The State Securities Commission (SSC) has issued a notice on sanctions on two individuals for manipulating the price of FTM shares of the Duc Quan Investment and Development Joint Stock Company.
The two have to pay a total of VND 1.2 billion (nearly $60,000) in fines.
Based on the supervision and inspection of the State Securities Commission and the verification results of the police, the State Securities Commission imposed administrative fines of VND600 million (nearly $30,000) each on Mr. Le Manh Thuong and Ms. Pham Thi Phuong for price manipulation. They used 50 accounts to create fake supply and demand in order to manipulate the price of FTM shares of Duc Quan Investment Development Joint Stock Company (FTM).
In 2019, investors witnessed a rare scandal for a stock. The historic price drop of FTM shares became an unprecedented phenomenon with trillions of VND disappearing. But very few people knew what had happened, even securities companies with extensive experience.
FTM recorded 30 consecutive falling sessions, from nearly VND24,000 to about VND3,000 per share. At that time, 11 securities companies and one bank granted margin for FTM shares and suffered a loss of nearly VND200 billion.
In the history of trading on the Vietnamese stock market, there have been many stocks consecutively falling to the floor for a few dozen sessions like FTM. Many retail shareholders who buy at the time of the stock price increase suffer heavy losses.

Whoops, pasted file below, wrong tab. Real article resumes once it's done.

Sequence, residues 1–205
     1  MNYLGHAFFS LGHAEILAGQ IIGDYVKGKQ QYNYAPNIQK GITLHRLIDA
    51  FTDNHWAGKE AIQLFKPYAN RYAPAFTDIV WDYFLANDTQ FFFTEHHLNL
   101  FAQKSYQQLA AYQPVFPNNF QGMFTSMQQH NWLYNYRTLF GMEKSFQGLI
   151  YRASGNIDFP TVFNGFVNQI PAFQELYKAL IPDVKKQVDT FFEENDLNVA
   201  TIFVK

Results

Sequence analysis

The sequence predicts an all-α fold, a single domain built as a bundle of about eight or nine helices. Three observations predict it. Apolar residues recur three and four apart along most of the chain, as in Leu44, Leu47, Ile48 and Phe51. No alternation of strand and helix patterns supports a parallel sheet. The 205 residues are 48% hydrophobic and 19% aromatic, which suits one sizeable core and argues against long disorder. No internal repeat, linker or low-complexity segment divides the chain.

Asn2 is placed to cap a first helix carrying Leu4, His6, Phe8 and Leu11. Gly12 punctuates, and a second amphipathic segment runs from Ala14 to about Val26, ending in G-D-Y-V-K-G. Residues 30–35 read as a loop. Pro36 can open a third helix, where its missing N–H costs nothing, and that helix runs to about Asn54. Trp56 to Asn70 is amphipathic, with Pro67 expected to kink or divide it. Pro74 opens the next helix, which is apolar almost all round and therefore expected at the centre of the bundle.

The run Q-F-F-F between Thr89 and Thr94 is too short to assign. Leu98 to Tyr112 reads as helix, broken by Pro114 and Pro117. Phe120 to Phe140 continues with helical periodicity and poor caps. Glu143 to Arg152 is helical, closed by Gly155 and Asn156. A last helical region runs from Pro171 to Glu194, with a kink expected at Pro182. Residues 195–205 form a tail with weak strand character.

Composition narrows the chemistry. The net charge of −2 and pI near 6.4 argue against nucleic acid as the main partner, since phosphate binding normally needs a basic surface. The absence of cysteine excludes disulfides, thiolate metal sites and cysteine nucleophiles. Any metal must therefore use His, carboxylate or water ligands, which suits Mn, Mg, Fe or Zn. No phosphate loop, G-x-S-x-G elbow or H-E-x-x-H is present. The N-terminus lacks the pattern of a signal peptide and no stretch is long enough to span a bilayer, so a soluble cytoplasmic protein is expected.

But in the case of FTM, it was different, as the key shareholders held almost all of the shares of the business. Eleven shareholders with a ratio of 4% or more held nearly 97% of the FTM shares in circulation and listed on the stock market. These were all founding shareholders and long-term shareholders.
Who was the loser when FTM lost its liquidity and dropped a total of 90%?
The answer can be seen when looking at the shareholder structure. Key shareholders holding up to 97% are considered losers when the stock fell about 10 times. However, in order to accurately answer whether these shareholders suffered losses and how much, it is necessary to know the real value of the shares and the capital contributed by the shareholders.
Another group of subjects who also suffered was the securities companies that fell into a dilemma, when they could not sell FTM shares and would have incurred more losses if they kept holding the shares. The margin loan (deposited by FTM shares) cannot be recovered and the value of collateral assets of FTM shares continuously shrinks. According to information at that time, the margin debt totaled hundreds of billions of VND, from about 10 securities companies and banks.
Recently, the State Securities Commission fined other individuals such as Ms. Le Thi Mai Hoa (Hanoi) with VND60 million (nearly $3,000) for not disclosing information that she owns 5% of shares in the APG Securities JSC; Mr. Le Van Thanh (Hanoi) was fined VND60 million for the same reason; and Louis Capital Joint Stock Company (TGG) was fined VND60 for not disclosing information on time as prescribed by law.
Banking stocks have continuously corrected since the beginning of July, with market analysts forecasting the decline in bank asset quality as due to the COVID-19 pandemic.